Shall woman’s voice be hushed."24Douglass quotes from the fourth stanza of Elizabeth Margaret Chandler, "Patriotism and Sympathy," in Maria W. Chapman, ed., Songs of the Free, and Hymns of Christian Freedom (Boston, 1836), 28.

I wish just to say to persons desirous of contributing to this Bazaar in Cork, that they can do so by forwarding their contributions to the Misses Jennings,25The sisters Charlotte, Helen, Isabel, and Jane Jennings were active in the efforts of the Cork Ladies’ Anti-Slavery Society to raise contributions for the Boston Anti-Slavery Bazaar. Isabel Jennings was cosecretary of the Society and later supported Douglass's newspapers through contributions to the Rochester Ladies' Anti-Slavery Bazaar. Ellen M. Oldham, "Irish Support of the Abolitionist Movement," MB, "Quarterly," 10: 175-80 (October 1958]; Jane Jennings et al. to Maria W. Chapman, 1 December 1841, Isabel Jennings to Maria W. Chapman, n.d., in Taylor, British and American Abolitionists, 158, 243-44; Douglass, Life and Times, 584. Brown-Street, before the 23rd of next month.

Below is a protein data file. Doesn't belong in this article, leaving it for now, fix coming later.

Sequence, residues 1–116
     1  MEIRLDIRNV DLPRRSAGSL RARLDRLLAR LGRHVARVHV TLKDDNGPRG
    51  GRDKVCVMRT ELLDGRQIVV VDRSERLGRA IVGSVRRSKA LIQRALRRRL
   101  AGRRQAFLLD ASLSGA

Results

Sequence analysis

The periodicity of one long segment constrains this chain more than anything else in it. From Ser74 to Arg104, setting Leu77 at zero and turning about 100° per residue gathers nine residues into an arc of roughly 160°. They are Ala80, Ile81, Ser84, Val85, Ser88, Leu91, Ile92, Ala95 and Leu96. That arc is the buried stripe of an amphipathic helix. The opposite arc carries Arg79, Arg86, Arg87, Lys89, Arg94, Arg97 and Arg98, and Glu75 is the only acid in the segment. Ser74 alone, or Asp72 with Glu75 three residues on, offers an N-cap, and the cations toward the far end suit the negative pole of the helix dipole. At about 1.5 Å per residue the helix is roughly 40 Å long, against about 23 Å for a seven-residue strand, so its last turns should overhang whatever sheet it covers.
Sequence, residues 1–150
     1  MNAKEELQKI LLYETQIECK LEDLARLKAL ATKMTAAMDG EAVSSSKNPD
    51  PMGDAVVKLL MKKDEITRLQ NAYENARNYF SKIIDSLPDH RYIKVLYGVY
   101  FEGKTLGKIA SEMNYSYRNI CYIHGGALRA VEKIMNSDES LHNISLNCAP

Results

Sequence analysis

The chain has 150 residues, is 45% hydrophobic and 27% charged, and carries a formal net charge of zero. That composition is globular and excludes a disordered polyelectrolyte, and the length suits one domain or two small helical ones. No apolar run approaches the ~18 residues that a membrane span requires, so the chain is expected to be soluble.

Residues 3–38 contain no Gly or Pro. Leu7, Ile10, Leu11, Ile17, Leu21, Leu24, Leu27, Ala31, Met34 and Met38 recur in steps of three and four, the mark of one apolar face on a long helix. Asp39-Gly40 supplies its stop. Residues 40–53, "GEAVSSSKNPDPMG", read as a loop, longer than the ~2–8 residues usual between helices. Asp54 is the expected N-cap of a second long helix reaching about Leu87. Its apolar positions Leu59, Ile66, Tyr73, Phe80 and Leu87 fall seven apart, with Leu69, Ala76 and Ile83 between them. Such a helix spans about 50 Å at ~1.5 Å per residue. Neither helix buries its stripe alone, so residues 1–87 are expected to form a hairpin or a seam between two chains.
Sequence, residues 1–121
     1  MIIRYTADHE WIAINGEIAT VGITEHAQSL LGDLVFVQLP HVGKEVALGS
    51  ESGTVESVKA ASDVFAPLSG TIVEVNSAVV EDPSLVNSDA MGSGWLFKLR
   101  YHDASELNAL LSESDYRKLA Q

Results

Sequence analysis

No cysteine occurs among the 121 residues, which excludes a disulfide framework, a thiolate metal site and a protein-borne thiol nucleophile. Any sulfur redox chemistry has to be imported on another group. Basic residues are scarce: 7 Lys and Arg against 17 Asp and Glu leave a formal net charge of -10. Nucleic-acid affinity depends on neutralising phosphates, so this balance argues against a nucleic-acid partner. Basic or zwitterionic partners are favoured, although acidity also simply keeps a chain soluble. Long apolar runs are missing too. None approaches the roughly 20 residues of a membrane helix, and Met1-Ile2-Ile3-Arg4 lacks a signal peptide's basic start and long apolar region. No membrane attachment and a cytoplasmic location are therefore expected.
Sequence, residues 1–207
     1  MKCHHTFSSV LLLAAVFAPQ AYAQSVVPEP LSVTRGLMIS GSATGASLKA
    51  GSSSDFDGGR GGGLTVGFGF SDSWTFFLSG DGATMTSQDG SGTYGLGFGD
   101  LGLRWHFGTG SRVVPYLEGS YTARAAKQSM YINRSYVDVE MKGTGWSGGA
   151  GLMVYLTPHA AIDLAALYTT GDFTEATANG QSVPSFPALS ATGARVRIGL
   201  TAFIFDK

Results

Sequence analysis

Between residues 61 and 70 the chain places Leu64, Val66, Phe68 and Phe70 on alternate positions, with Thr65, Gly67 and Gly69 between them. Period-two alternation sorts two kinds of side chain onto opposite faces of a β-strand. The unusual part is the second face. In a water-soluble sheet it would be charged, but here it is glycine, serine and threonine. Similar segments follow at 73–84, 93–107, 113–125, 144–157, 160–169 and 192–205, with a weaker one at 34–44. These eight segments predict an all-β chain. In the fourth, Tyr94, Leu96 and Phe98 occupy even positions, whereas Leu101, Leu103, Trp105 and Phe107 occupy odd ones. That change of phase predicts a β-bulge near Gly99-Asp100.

Douglass, Frederick, 1818-1895


October 23, 1845


Cork Examiner, 27 October 1845. Other texts in British and Foreign Anti-Slavery Reporter, ser. 1, 6 : 212 (12 November 1845), misdated 20 October 1845; National Anti-Slavery Standard, 27 November 1845. Cork's Imperial Hotel was the scene of a major address by Douglass on 23 October 1845.


Yale University Press 1979